Saturday, January 5, 2013

"Short-termism" and the Stock Market

              I read again today about the negative impact of "short-termism" on the ability of the American stock market to allocate capital properly.  By short-termism is meant the tendency of stock market investors to focus on quarterly announcements rather than the long-term.  As a result, executives anxious to maximize their company’s stock price become obsessed, allegedly, with producing good numbers for the next quarter rather than doing what is best in the long run.  The result is a misallocation of capital.

              The article took it for granted that short-termism properly characterized American capital markets and went directly to examining its potential impact.  This is odd for three reasons.

              First, if you spend time reading the massive academic literature on market inefficiency you will find papers on all sorts of anomalies, but short-termism is not one of them.  This is not surprising.  If short-termism led to mispricing it would be relatively simple for long-term investors, like Warren Buffett and pension funds, to exploit it.

              Second, the entire technology sector provides a counter-example.  Many, if not most, technology companies trade at values far greater than can be rationalized on the basis of current earnings.  Facebook is a high profile example.  To explain the prices at which these technology companies trade, it must be assumed that the market is looking decades into the future.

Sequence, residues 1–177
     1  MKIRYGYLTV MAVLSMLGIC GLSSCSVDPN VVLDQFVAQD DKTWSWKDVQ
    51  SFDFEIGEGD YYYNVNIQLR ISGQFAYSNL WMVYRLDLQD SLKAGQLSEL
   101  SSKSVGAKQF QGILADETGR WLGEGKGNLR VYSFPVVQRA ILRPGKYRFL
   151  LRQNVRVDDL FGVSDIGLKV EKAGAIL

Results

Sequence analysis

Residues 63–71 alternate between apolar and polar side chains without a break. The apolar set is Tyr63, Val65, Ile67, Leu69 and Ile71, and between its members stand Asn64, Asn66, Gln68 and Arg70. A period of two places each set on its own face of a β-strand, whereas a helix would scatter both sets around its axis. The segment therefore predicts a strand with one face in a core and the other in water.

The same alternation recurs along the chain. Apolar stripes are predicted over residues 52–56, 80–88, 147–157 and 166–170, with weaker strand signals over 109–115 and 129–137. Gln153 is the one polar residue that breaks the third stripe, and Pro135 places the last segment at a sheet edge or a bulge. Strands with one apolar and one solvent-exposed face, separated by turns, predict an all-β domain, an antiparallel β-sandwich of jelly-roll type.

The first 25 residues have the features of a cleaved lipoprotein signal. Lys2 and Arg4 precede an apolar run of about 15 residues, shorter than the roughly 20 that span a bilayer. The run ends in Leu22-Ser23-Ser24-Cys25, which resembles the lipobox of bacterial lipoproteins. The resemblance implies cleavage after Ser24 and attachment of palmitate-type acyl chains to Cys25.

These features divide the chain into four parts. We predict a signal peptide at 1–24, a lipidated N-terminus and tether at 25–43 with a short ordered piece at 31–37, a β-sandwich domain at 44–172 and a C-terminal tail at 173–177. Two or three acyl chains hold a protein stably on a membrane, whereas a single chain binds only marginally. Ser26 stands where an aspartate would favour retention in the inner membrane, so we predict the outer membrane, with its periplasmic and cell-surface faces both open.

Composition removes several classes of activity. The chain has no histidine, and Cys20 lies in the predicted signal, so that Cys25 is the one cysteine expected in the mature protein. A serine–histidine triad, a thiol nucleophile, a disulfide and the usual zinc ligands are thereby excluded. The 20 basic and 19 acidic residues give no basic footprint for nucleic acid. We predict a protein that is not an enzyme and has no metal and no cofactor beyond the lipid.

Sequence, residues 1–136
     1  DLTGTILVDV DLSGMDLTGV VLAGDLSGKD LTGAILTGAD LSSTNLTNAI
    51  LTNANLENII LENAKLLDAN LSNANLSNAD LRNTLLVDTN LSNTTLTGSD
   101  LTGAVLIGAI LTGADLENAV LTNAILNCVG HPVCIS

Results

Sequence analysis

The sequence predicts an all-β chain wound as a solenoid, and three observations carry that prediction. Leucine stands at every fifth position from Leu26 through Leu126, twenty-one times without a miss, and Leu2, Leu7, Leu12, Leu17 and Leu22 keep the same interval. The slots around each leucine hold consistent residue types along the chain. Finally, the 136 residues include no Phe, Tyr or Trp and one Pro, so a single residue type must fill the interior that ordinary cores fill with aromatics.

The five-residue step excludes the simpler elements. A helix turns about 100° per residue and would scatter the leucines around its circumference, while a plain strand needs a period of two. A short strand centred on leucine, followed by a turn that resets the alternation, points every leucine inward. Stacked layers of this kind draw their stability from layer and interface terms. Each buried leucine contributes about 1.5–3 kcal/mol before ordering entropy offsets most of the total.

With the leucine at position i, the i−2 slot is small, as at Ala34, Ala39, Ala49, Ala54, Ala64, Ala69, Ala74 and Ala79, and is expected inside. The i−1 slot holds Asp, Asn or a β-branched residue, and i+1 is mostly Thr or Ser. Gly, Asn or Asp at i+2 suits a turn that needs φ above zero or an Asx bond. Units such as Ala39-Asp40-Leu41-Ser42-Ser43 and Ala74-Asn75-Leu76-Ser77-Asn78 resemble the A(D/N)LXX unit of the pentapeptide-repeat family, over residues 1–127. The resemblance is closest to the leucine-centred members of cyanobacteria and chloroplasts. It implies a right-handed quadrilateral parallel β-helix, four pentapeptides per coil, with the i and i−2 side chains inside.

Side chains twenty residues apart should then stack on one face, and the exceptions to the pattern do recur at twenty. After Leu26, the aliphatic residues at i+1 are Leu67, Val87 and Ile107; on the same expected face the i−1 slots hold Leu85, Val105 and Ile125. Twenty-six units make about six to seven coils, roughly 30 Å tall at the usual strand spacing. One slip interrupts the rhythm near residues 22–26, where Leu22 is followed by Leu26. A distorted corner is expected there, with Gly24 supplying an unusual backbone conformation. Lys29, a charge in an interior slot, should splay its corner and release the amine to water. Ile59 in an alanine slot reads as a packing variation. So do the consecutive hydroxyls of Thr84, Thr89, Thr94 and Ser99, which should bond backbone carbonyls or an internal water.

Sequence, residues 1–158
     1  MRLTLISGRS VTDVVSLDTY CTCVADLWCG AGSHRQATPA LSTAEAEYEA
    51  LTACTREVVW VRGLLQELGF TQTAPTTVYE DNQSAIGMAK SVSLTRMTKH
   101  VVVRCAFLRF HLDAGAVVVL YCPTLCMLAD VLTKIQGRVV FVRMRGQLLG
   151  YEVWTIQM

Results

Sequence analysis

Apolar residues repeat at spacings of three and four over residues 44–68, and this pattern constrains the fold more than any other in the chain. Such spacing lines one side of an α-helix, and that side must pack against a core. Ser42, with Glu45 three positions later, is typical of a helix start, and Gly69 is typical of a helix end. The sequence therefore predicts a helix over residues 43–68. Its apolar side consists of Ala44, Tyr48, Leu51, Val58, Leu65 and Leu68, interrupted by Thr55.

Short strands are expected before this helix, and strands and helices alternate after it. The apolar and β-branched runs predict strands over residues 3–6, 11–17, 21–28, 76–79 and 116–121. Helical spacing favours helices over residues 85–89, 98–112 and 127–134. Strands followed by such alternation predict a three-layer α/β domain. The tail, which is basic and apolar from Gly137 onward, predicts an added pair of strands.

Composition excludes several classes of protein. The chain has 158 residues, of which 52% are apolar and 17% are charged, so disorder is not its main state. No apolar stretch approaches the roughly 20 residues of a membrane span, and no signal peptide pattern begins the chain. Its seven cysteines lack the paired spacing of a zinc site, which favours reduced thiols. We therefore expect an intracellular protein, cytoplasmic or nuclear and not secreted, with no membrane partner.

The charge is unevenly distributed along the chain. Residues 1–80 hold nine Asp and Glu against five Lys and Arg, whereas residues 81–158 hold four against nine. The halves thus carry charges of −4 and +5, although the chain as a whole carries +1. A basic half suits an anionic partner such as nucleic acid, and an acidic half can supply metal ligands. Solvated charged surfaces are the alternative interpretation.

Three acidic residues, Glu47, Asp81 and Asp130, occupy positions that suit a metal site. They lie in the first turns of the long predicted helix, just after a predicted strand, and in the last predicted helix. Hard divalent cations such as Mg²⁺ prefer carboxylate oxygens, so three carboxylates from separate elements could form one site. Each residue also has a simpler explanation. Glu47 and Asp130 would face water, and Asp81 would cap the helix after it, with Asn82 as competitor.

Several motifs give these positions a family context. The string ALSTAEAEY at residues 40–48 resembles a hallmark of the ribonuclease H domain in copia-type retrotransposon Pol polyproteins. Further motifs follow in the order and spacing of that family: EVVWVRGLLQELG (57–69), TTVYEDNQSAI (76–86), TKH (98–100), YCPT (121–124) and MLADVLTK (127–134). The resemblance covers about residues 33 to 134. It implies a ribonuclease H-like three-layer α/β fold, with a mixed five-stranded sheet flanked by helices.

Finally, an intense interest in next quarter’s earnings announcement does not mean the investor is focused on the short-term.  Here I can speak from personal experience.  I have been an active investor in Apple for decades.  As such, I recognize that the value of Apple is determined primarily by its long-run prospects for continued innovation and growth.  (See a previous post on valuing Apple).  Of course, I can make projections on how Apple will do in the future – what products they develop and how those products will be priced and received by customers, but that exercise is by necessity somewhat speculative.  How do I get objective evidence against which to measure the accuracy of those long-run projections?  The source is short-run announcements regarding current products and earnings.  Apple, quite wisely, does not publicly release a detailed five-year plan describing all projects in the pipeline.  As a result, Apple investors must be content with “short-term” announcements as the source of information for evaluating their long-run projections.  For that reason, those short-term announcements are critically important to Apple investors, but not because those investors are focused on the short-term.  Rather, it is because short-term news is the only source of objective evidence with which to assess long-term evaluations!

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